Young Guns with Scott Snedecor: Steer Roping Basics
Getting starting in the steer roping

Steer Roping Basics

In Texas, kids don’t start near as early as they do say in Oklahoma. Those kids are raised tripping there, and there’s kids 13 and 14 years old roping steers. It’s getting more popular down there, but a kid’s got to have good horsemanship skills and groundwork before starting. There’s so many variables in the steer roping. You’ve got to learn to control each individually before you put it all together. 


Every little piece needs to be broken down so slowly and individually before you go at it. Riding your horse, logging your horse, throwing your loop, setting your trip, and so on, it takes lots of runs to get it underneath your belt. Then when you get your string and go to make a live run, usually everything goes blank and you forget how to put it all together.


A kid needs to be good with a head horse, heel horse or calf horse that knows the buttons as far as moving off your legs and using your hands. A kid has to be a horseman all the way around, whether it’s roping out in the pasture or in the arena. You’ve got to have more horse sense and cattle sense than your average roper. The guys who stand out, they’ve got the horsemanship. Outside the arena, to me, it teaches a guy how to ride and evaluate cattle. Sorting cows, you learn what works and what doesn’t, and it’s something you’ve got to get out there and do. When you feel it, you’ve got it. And that helps make it in the steer roping. 

The horse

For somebody to start, you need to pick a solid horse that knows what’s going on in the game. You don’t want to start on a head horse that has potential but doesn’t know what he’s doing. It’s worth it to go buy a good older horse, that’s proven, even if he’s got some age on him. You need a horse to take care of you because you can’t be exactly perfect. Even when I’m on a green horse, I’ve got a different scenario every time I leave the box. So if folks are trying to learn the basics and get their confidence up, a green horse can make them throw in their hat after a few rodeos with $500 fees. Going the right direction and buying an $8,500 practice horse, learning how to rope the horns, lay your trip, and go ahead and tie, that made a huge difference.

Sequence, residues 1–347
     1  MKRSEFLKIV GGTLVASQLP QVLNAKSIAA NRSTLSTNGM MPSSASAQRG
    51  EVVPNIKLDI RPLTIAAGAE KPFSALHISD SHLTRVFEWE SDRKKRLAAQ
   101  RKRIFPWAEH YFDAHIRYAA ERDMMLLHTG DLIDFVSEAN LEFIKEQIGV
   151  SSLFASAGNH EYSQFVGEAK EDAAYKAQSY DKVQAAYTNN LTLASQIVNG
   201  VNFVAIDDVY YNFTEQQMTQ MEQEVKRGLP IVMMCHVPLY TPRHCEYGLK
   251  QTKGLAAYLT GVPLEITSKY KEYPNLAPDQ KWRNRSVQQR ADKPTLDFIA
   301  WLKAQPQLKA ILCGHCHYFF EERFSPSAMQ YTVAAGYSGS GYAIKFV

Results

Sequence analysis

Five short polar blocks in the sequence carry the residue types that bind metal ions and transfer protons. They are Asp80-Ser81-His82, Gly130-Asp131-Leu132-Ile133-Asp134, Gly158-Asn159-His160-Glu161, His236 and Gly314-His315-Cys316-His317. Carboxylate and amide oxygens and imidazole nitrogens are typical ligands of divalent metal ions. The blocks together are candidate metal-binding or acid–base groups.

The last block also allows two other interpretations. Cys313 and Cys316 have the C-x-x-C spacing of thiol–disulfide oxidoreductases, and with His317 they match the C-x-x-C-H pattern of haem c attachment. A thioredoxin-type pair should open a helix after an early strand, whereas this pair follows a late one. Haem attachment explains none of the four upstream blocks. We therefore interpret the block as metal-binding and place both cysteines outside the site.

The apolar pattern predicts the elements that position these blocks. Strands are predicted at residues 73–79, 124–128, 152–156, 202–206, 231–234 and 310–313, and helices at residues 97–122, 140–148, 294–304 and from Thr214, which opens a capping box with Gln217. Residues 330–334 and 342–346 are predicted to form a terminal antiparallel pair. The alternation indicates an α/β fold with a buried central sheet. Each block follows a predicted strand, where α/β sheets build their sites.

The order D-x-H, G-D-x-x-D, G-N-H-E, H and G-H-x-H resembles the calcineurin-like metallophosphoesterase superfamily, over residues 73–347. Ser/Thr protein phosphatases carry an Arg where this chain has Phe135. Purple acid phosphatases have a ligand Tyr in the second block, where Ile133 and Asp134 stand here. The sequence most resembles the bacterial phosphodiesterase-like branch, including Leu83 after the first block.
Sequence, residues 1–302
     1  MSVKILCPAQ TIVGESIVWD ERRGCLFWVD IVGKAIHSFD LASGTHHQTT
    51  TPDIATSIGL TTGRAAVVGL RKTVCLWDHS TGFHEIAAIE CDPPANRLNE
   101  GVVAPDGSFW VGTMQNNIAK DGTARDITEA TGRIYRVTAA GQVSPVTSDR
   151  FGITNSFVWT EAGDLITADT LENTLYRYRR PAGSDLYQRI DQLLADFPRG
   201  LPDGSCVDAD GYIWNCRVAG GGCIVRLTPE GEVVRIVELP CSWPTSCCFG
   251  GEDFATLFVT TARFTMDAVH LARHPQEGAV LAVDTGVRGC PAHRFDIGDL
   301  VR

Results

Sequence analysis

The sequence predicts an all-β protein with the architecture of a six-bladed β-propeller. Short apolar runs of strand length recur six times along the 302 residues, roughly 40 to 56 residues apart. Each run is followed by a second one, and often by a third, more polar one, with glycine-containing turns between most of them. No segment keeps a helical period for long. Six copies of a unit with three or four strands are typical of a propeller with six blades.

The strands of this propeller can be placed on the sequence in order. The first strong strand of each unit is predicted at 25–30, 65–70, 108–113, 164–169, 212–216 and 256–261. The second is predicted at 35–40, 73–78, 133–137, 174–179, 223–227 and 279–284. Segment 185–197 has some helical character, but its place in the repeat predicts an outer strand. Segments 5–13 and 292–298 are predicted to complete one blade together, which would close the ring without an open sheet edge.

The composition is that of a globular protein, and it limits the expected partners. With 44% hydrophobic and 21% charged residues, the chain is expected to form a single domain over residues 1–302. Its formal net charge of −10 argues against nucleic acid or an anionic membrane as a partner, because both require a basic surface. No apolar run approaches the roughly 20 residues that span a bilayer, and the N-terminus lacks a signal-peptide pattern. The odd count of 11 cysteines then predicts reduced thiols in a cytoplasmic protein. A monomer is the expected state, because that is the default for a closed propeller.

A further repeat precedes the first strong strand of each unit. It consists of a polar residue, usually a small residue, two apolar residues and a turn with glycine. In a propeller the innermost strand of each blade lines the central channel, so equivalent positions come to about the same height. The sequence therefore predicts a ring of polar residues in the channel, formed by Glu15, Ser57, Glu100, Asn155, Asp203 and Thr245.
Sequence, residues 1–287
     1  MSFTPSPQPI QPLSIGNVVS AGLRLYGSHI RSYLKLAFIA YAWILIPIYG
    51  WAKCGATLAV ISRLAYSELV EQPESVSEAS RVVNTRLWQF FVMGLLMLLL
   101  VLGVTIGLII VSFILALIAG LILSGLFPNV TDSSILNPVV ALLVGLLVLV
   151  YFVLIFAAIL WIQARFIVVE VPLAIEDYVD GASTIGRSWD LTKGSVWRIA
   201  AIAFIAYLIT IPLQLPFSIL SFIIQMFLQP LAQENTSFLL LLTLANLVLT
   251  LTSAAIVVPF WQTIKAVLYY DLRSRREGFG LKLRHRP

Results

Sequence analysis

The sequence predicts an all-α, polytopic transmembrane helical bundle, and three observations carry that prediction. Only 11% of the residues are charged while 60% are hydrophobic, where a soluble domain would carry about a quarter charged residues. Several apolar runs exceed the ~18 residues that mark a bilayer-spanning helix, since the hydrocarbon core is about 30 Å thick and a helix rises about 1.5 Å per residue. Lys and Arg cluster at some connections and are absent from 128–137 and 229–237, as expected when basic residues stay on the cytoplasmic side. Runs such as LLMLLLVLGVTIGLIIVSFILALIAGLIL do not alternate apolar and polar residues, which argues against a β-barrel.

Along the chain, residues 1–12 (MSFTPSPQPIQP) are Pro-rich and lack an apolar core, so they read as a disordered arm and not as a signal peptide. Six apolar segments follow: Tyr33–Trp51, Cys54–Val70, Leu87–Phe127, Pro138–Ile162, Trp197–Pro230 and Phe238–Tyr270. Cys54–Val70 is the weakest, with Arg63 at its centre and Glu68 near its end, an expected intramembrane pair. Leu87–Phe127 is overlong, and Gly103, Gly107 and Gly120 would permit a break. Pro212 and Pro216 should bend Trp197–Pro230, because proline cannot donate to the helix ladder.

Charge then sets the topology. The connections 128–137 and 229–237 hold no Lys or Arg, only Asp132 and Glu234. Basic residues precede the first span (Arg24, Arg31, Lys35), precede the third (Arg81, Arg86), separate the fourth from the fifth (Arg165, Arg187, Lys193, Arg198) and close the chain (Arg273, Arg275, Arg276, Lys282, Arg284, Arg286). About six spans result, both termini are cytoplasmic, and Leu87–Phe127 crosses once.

I start kids on the ground with the dummy. You’ve got to practice tying and stringing and running off the rope, plus you’ve got to learn your dismounting with the horse going away from you. Your horse isn’t stopping and giving you momentum going forward like a calf horse. You have to get momentum going away from you at the walk, trot and then the lope. That can take some getting used to, but that’s a piece of the puzzle you can’t forget. 

The angle

Heading, you’ll stay wider and go out to the left. You rope more with your tip almost. Tripping, you’ll be more behind the steer almost like the calf roping. Not to the right of them, but still tighter than team roping. 

Scott Snedecor is a two-time steer roping World Champion. He teaches horsemanship schools and steer roping clinics, and he finished the 2014 season 10th in the World Standings after competing at his 13th Clem McSpadden National Finals of Steer Roping. 

Forget the calf roping

Everything you’ve ever been taught your whole life when calf roping, you need to forget it in the steer roping. Lead with the heel of your hand instead of the tip of your loop. You don’t ever want your tip lower than your Ray Bans. An old timer told me that a long time ago. You don’t have to stay up and forward as much. I used to rope a lot of calves around the eyes, so this steer roping was right up my alley.

Don’t do it

The most common bad habit in the steer roping is people leaning into the legs. It’s natural to push against the steer and lean into the legs. Stand square, string your front legs, step all the way to the back, then cross as far as you can away from the steer’s body. The straighter the legs are the better. If you avoid this habit when you’re learning, you’ll be miles ahead. 

Mental game

Strong focus is important after you get it going. Steer roping requires serving your time. The first year, it’s kind of like “Golly, I should have done this, I should have done that.” The second year, I started to see things. Usually by the third year, you start to get it. It’s something you’ve got to stay focused on, know that you’ve got a lot to learn and stick to the fundamentals. 

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